Every once in a while, the stories about freedom are uncovered in the most unlikely of places.
Sometimes, they are buried deep in the memories of those brave patriots who fought to protect it and other times, they are buried in an old box of papers.
For Miki Nagahisa, of Wailua, she was reminded of a tale of heroism, freedom and love when she came across a term paper her daughter, Michelle Nagahisa, wrote in college. The paper was heaped together in a box full of reports and school assignments from her six other children.
And finding it, Miki said, was like finding a treasure.
Michelle wrote about the man she called her Uncle Pat who was actually her grandfather’s brother. His name was Patrick Kahaumea Aki and he was born and raised in Wailua during the 1920s and ‘30s.
“His mother and father always instilled in him good moral values, which consisted especially of loving their neighbors,” Michelle wrote.
Those good values eventually saved Aki’s life.
It started years before that, however, when Aki and his brother befriended a boy from Japan, named Fumitani Jibutsu, who had just moved into their Kauai neighborhood, an immigrant child who was shunned by everybody else, except them.
It was a welcoming gesture for Jibutsu, whose parents were Shinto priests and spoke no English. Jibutsu also struggled with the language, making finding friends almost impossible.
“No one wanted to be his friend because he could not speak English, so my brother and I befriended him because we were taught to love thy neighbor,” Michelle wrote about Aki’s memories.
Little did Uncle Pat know then, but Jibutsu would return to Japan and become a soldier for her army.
Uncle Pat, however, answered a help wanted ad after graduating from Kauai High School in 1941 and worked as a laborer on a tug boat on Wake Island, a 2.85-square mile island west of Hawaii in the north Pacific Ocean.
The island was attacked along with Pearl Harbor that fateful December morning.
“The planes flew around our campgrounds and machine-gunned our quarters but fortunately no one was in the quarters at the time,” Nagashisa wrote about Aki’s retelling of history.
Weeks later, the Japanese overtook Wake Island and Aki became a prisoner of war. Only 450 of the 550 laborers would be taken to POW camps in Japan, however. The Japanese soldiers executed the others, and Aki was singled out to be put to death.
“They had us kneeling on the ground, with our heads hanging, each man would look up into the barrel of the gun to meet his fate as an officer would stand directly in front of him to help deliver his destiny,” Michelle wrote about Aki’s fate. “When it came to my turn, I raised my head so that I could see my executioner and to my amazement, the man that held the gun was Fumitani Jibutsu. He lowered the gun and just stared at me and before I knew it, I was taken to Japan as a prisoner.”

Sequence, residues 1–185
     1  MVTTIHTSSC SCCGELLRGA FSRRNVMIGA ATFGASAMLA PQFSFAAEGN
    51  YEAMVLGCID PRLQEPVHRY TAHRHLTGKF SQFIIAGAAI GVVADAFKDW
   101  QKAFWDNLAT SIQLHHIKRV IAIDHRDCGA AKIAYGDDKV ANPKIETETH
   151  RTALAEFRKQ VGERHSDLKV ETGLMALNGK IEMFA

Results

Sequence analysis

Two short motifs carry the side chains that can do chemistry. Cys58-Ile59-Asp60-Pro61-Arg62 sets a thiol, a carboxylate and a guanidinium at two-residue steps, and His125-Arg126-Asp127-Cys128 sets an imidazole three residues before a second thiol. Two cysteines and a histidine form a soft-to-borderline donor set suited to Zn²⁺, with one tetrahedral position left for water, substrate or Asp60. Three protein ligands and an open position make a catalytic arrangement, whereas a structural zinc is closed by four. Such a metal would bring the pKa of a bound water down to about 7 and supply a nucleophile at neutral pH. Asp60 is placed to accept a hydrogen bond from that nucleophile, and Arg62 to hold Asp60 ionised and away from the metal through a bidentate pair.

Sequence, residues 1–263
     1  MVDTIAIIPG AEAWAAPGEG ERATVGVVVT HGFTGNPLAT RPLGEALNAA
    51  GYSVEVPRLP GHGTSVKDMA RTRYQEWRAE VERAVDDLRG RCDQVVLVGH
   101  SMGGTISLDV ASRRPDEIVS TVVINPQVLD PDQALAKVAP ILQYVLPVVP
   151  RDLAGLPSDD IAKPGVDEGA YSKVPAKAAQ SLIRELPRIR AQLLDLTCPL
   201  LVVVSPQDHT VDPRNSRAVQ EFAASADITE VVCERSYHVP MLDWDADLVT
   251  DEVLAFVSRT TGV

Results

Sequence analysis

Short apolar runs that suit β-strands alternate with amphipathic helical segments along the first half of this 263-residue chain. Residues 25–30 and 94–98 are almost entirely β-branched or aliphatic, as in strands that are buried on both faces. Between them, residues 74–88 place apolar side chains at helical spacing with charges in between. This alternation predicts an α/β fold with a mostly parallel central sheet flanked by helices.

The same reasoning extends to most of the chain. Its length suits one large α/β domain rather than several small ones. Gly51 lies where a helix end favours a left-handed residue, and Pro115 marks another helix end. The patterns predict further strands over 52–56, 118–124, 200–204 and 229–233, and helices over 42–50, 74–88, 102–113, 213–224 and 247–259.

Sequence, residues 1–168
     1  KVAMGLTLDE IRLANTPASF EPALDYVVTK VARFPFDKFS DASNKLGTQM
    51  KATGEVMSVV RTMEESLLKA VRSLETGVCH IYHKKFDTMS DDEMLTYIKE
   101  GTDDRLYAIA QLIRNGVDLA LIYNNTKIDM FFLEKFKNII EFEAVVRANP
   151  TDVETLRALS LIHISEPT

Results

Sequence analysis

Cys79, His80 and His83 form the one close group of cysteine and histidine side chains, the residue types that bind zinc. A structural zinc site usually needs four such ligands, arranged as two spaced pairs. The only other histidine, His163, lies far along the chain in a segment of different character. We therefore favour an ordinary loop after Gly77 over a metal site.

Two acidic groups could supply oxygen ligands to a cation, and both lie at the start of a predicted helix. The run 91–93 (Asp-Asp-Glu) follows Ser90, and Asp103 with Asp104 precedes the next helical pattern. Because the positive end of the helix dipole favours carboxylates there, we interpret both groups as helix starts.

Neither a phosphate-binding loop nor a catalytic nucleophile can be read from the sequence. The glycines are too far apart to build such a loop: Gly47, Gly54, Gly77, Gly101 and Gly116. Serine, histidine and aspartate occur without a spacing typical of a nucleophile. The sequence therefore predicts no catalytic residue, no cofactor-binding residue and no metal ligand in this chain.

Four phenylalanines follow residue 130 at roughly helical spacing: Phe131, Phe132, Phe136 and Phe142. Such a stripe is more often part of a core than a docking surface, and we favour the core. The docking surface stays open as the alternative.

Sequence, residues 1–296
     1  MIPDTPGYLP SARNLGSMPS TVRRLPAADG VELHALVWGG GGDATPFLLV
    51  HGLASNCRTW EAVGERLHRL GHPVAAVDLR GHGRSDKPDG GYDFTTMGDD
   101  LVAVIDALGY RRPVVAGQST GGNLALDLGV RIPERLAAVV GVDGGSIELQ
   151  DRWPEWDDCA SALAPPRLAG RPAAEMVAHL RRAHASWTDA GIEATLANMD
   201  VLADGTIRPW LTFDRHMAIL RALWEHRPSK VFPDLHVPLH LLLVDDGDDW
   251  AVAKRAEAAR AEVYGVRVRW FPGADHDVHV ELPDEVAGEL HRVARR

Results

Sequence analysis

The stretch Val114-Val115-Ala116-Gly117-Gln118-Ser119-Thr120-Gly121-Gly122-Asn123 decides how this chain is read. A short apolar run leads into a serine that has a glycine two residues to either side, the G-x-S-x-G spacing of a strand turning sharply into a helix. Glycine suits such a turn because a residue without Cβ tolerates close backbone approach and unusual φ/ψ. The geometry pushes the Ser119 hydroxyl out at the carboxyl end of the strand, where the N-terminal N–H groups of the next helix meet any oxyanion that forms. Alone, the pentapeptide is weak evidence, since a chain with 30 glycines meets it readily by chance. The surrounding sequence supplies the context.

It would be 60 years before Uncle Pat, who now lives on Oahu, would talk about the experience. The result was Nagahisa’s college paper, which Miki provided to The Garden Island to share Aki’s remarkable story. The paper was submitted in February 2001 and received an A plus from her Chaminade University professor. Its author has since graduated and is studying to attend law school.
Miki said Aki, who spent three years in the camp before returning to Hawaii which made for a big story in the Honolulu newspaper upon touchdown, had never told his brothers or parents about the time a neighbor boy had shown him mercy. They didn’t want to pry. Miki was with her father and her uncle in Las Vegas on the day Michelle called to explain how Aki had finally revealed his long-withheld story of salvation.
“When I got off the phone I relayed the story to both brothers and they looked like twins sitting across from me with the same grin on both their faces that their faith brought all of them through the horrors of war,” Miki told TGI.
That was 12 years ago. Since then, Miki still reflects on her family’s war experience.
“It is part of what life is,” she said, “the miracle that takes place.”
• Lisa Ann Capozzi is a features and education reporter and can be reached at firstname.lastname@example.org.